COMM 106E: Data, Science, and Society (Spring 2022, UCSD)


Note: This is a draft syllabus, some details may be subject to change.


  • COMM 106E: Data, Science, and Society
  • Profs: Stuart Geiger (Communication/HDSI)
  • Time: M/W 5:00-6:20pm
  • Place: WLH 2205
  • Course management system: UCSD Canvas ( All enrolled students should have access to this class on Canvas.


Developments in artificial intelligence are being combined with unprecedented levels of personal data collection, which are used to make decisions that were once made with only human judgment: Who should be hired for a particular job? Who should get admitted to a selective school? Who is considered a suspicious threat for law enforcement? How much is a house worth? How fast will a disease spread if we implement different measures? What social media posts violate a platform’s ‘community standards’? What posts or stories should show up on a personalized news feed? What e-mails should be filtered out of inboxes as ‘spam’? Can we automatically detect and remove “fake news”?

This class focuses on how data science, statistics, computer programming, and artificial intelligence are being delegated important social decisions, and then what the rest of society ought to do in response to these developments. It is designed for students who do not have any prior knowledge of statistics or programming. The class assignments will primarily involve writing and/or talking about these issues. However, we will be learning about how these approaches and technologies work, which do involve learning simplified versions of math and statistics. Some in-class activities will involve working in spreadsheets (Google Sheets) and other web-based graphical user interfaces for analyzing data. The learning objective is not for students to become programmers or data scientists themselves in one quarter, but instead to gain the kind of “data literacy” and “interactional expertise” needed to critically engage with data scientists and their supporters.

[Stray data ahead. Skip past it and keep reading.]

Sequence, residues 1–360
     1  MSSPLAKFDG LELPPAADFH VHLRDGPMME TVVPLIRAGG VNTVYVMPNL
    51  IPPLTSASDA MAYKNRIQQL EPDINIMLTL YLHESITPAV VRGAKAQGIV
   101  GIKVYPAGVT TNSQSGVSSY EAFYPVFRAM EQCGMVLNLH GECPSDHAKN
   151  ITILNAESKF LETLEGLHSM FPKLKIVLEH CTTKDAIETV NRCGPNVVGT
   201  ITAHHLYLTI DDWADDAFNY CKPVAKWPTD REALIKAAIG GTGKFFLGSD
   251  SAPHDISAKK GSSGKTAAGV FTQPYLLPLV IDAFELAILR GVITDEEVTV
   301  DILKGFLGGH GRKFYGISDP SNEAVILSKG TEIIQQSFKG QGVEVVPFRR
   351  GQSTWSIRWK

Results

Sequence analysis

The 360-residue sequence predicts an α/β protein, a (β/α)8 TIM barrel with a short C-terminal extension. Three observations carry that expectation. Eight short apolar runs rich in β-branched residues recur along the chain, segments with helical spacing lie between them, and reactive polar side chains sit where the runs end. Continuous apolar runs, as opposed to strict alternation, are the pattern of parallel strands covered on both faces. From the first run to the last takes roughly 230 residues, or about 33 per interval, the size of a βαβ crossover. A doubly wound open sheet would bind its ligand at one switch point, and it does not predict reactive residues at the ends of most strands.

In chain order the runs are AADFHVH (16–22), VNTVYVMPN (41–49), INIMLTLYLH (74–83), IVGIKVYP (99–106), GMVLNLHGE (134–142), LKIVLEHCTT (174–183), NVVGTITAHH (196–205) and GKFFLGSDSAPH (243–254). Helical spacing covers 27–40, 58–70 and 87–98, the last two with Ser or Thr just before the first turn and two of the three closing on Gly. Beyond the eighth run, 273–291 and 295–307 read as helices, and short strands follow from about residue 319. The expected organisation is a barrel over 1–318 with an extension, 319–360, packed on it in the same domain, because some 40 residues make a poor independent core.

This class is grounded in the interdisciplinary field of Science and Technology Studies (or STS), which focuses on the complex relationships between scientific research, technological systems, and society. Students will gain key concepts and lenses they can use to examine social issues around technology, data science, and AI. These include: 1) objectivity, subjectivity, and the “view from nowhere”; 2) bias, accuracy, and fairness; 3) expertise, authority, and knowledge institutions; 4) social systems, technical systems, and socio-technical systems; 5) privacy, surveillance, and the panopticon; 6) classification, ontologies, and the politics of categories; 7) identity, interpretation, and positionality; 8) scale and top-down vs bottom-up approaches; 9) resistance and refusal to data science and AI.